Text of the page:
It's time to get friendly with our graphing calculators. First, we need to understand how to graph polar functions by hand.

This is one of the many instances in calculus where it's helpful to use a calculator as a tool, but it's important to know what it's output means.

When checking the graph on the graphing calculator it can be helpful to spot-check points, especially at the boundaries of θ and simple angles like 0, , and to make sure *r* has the right values. Then look at what *r* is doing between those points to see if it makes sense.

**Calculator Tip:** If the calculator graph looks like jagged lines instead of looking curvy, try making the θ step size smaller (this may be called Δ θ on the calculator). This affects how carefully the calculator draws the graph.

## Practice:

- Without using a calculator, graph the polar functionr = cosθ
for
| |

Start by finding *r* at the endpoints. When θ = 0, r = cos0 = 1.
When ,
As θ moves from 0 to , the value of r = cos θ decreases from 1 to 0.
When , r = 0. When θ = π, r = cosπ = -1. Remembering how we graph polar coordinates with negative *r*, we find these points: When θ is in the second quadrant and *r* is negative, the point (r,θ) is in the fourth quadrant. As θ moves closer to π, the points (r,θ) move closer to the positive *x*-axis. As θ moves from to π, the value r = cosθ goes from 0 to -1. The points (r,θ) move further from the origin as θ gets closer to π. To graph r = cosθ for 0≤ θ≤ π we put the graphs from (a) and (b) together: | |

Determine whether the following is a correct graph of
r = cos θ
for
| |

When we should have
and we do:
When θ = 0 we should have r = cos 0 = 1,
and we do:
For θ in between and 0 the value of *r* should be positive, and it is:
This appears to be a correct graph of r = cosθ.
| |

Determine whether the following is a correct graph of
r = sin θ
for
PICTURE: polar funcs 13 | |

When $θ = -\frac{π}{2}$ we should have
r = sin -\frac{π}{2} = -1.
But the point
(r,θ) = (-1,-\frac{π}{2})
isn't on the graph we were given.
PICTURE polar funcs 14
This must not be the right graph.
| |

Without using a calculator, graph the function r = sin θ for

0 ≤ θ ≤ π

Answer

When θ = 0, r = sinθ = 0.

When

That gets us two points:

As θ moves from 0 to , the value r = sin θ increases from 0 to 1.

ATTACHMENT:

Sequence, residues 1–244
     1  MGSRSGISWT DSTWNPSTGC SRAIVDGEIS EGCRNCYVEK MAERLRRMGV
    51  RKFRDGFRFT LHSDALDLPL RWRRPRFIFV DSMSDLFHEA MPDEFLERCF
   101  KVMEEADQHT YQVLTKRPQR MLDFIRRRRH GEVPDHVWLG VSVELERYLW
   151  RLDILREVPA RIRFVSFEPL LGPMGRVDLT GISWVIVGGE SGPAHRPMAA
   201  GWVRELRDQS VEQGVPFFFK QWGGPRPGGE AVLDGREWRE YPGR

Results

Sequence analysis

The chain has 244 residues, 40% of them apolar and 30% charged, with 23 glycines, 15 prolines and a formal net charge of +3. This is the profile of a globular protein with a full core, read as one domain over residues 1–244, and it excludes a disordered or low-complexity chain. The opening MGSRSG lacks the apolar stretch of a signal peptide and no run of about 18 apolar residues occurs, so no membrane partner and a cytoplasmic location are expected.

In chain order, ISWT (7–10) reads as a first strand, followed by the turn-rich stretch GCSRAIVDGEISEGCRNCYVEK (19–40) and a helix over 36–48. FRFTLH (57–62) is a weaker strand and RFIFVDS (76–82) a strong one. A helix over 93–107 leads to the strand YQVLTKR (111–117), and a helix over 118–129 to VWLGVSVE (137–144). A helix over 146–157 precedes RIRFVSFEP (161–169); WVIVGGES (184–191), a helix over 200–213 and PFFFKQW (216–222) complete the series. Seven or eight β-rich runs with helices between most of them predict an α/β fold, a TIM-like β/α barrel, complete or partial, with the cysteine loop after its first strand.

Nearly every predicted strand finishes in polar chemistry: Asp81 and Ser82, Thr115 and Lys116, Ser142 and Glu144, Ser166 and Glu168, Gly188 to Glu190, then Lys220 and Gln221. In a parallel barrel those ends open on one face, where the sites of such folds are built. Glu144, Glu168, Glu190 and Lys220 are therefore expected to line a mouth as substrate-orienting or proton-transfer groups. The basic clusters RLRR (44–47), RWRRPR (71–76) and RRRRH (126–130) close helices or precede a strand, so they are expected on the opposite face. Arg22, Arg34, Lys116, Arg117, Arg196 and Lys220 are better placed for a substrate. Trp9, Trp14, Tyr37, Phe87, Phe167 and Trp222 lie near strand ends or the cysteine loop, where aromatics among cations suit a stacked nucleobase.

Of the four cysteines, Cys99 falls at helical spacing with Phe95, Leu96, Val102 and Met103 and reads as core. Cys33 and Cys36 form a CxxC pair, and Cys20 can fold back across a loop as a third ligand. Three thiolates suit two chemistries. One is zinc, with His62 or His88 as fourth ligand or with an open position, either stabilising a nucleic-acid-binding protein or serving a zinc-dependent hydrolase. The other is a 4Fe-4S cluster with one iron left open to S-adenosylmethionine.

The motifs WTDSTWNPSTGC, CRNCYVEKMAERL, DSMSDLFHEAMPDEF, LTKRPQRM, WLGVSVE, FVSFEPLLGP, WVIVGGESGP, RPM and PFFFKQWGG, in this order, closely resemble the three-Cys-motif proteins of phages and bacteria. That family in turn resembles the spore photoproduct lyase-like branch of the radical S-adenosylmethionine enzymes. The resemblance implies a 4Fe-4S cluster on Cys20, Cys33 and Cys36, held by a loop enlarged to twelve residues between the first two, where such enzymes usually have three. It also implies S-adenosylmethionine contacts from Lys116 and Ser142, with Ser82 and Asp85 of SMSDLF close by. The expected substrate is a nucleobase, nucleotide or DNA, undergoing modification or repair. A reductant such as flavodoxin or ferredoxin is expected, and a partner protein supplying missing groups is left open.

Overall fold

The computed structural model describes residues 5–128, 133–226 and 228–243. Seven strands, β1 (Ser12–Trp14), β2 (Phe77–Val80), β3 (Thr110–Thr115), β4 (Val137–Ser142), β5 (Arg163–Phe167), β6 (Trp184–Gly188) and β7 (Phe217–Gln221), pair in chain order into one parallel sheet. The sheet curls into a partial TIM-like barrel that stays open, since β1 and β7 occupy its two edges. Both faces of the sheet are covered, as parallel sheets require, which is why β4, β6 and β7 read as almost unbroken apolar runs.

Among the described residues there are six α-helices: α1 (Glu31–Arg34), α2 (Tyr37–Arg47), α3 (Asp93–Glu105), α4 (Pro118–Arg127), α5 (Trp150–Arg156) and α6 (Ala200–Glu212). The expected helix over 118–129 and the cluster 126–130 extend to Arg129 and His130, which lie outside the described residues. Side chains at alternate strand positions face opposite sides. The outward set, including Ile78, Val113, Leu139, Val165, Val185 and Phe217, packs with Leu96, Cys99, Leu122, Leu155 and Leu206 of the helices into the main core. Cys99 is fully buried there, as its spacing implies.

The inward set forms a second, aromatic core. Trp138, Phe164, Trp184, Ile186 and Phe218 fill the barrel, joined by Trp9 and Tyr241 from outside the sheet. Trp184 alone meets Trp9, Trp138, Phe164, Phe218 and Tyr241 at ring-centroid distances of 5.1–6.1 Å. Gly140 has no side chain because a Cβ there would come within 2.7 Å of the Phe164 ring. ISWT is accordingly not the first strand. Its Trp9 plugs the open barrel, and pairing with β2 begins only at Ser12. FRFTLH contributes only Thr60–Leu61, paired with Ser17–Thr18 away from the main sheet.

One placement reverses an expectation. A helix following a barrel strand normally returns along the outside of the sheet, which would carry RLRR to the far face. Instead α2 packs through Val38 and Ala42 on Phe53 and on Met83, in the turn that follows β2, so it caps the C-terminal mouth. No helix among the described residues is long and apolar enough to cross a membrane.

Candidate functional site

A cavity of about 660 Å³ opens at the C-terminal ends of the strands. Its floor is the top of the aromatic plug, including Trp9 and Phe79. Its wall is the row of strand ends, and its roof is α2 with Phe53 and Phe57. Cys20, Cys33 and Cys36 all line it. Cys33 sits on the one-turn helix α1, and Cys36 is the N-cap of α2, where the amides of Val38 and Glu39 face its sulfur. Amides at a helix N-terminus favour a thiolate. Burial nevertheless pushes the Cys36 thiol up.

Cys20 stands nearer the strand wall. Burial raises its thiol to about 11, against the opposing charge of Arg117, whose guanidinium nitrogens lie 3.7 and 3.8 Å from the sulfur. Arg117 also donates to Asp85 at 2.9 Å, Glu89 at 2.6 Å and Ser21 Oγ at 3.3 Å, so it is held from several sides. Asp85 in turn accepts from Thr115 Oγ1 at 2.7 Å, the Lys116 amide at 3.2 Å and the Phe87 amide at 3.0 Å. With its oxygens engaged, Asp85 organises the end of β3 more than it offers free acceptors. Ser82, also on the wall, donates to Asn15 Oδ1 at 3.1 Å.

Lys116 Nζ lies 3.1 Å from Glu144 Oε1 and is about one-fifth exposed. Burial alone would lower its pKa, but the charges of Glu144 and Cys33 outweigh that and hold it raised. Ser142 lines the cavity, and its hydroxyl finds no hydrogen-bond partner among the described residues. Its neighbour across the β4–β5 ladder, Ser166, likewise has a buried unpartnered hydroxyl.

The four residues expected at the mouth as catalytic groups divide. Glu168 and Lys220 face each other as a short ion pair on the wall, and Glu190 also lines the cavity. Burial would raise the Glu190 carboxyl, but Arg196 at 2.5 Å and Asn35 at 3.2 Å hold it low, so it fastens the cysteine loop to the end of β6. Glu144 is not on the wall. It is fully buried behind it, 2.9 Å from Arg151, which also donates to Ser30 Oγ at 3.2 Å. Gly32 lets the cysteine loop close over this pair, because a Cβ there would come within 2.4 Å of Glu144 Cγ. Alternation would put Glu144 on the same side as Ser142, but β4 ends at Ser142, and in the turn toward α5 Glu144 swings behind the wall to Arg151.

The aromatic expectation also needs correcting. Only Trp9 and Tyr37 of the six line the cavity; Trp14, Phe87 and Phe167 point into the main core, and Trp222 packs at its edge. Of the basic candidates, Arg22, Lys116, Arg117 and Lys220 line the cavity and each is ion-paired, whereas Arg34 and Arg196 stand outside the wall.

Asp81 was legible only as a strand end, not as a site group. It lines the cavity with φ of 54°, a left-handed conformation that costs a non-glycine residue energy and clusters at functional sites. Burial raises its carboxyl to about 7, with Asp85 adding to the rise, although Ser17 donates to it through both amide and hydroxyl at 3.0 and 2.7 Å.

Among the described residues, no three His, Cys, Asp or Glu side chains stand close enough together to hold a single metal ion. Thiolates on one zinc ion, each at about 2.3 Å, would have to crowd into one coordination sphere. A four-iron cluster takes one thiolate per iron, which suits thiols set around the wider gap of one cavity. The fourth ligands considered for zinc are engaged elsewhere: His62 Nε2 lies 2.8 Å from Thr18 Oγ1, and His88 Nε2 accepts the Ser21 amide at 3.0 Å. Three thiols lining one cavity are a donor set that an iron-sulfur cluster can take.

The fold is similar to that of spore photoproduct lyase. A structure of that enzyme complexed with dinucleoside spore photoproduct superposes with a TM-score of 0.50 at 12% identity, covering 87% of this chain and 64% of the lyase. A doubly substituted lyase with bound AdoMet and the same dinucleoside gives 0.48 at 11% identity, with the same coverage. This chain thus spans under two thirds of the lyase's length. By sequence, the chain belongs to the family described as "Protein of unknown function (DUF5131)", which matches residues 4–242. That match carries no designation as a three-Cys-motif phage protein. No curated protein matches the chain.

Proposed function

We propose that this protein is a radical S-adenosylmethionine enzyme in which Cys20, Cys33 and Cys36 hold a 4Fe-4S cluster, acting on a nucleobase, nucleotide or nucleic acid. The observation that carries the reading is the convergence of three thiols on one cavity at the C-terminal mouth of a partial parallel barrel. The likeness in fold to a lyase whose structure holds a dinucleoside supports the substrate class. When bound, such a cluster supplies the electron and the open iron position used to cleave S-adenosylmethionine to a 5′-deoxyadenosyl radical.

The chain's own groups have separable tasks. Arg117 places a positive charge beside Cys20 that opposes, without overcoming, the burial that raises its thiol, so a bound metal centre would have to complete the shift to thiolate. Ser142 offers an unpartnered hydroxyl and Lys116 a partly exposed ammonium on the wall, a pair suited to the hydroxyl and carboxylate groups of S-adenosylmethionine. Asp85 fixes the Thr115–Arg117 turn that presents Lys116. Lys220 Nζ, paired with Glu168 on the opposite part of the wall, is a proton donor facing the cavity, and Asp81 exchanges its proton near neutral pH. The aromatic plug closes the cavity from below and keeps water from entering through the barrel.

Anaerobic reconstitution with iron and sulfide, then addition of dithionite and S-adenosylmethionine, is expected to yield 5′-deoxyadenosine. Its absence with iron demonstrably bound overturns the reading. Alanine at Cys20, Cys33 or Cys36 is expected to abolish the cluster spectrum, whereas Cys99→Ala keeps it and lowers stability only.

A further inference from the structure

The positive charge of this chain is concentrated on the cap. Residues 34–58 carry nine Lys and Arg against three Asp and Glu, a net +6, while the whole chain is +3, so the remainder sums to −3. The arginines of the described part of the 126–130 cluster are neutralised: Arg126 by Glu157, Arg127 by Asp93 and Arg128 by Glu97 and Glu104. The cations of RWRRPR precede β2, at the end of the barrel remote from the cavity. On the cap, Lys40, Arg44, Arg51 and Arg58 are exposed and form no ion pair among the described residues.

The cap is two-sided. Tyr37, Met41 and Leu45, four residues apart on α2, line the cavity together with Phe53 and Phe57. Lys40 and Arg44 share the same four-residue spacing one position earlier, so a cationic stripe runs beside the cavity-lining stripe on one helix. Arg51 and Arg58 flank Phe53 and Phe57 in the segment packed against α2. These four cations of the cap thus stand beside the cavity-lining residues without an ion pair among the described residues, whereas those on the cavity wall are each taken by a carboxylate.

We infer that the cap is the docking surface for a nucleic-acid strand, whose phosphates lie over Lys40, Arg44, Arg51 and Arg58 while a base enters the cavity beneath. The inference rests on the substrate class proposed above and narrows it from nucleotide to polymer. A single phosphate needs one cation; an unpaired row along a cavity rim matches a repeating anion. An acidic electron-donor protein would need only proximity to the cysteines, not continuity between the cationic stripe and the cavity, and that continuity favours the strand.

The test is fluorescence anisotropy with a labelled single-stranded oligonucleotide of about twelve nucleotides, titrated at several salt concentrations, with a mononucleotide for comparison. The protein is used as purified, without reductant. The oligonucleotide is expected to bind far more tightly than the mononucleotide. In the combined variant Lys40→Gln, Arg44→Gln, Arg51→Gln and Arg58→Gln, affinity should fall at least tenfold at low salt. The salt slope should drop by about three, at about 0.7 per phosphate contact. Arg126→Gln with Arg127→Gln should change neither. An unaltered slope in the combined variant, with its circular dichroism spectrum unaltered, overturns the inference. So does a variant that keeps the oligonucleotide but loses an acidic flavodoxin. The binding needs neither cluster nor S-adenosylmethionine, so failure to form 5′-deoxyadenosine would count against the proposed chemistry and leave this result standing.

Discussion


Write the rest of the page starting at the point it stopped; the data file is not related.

When we know r = 1. When θ = π,r = sin π = 0.

That gives us two points:

As θ moves from to π, the value of *r* moves from 1 down to 0.

0≤ θ ≤ π

We put together the graphs we found in (a) and (b) to find r = sin(θ)

Exercise. Determine if each graph is a reasonable graph of the given equation.

- r = 1 + cos θ for 0≤ θ ≤ π

Answer

Check a couple of points. When θ = 0 we should have
r = 1 + cos0 = 2.
When θ = π we should have
r = 1 + cosπ = 0.
These points are on the graph. However, for 0 ≤ θ ≤ π the value
r = 1 + cos θ
is positive. We should be seeing points in the first and second quadrants.

Since the graph we were given shows points in the third and fourth quadrants, it's the wrong graph.

Exercise. Determine if each graph is a reasonable graph of the given equation.

- \item $r = cos \frac{θ}{2}$ for $0≤ θ ≤ π$
PICTURE graph this (the correct graph)

Answer

When θ = 0 we find
r = cos 0 = 1
and when θ = π we find
r = cos \frac{π}{2} = 0.
These points are on the graph. When θ is in between 0 and π, the value of *r* should be positive. This makes sense with what we see on the graph,
this is a reasonable graph.

Exercise. Determine if each graph is a reasonable graph of the given equation.

r = 2sinθ for 0≤ θ ≤ frac{π/2

Answer

\item
When θ = 0 we find r = 0 and when $θ = \frac{π}{2}$ we find that *r* = 2. These points are on the graph.
PICTURE polar funcs 19
When θ is between 0 and $\frac{π}{2}$ (in other words, in the first quadrant) the quantity r = 2sinθ is positive. We should see
points in the first quadrant.
PICTURE polar funcs 20
Since the graph we're given shows points in the second quadrant, it's the wrong graph.

Exercise. Determine if each graph is a reasonable graph of the given equation.

r = 2sinθ for 0≤ θ ≤ π/2

Answer

- This is much like the previous problem, except thatnow the graph shows points in the first quadrant like it ought to. This is a reasonable graph of the specified function.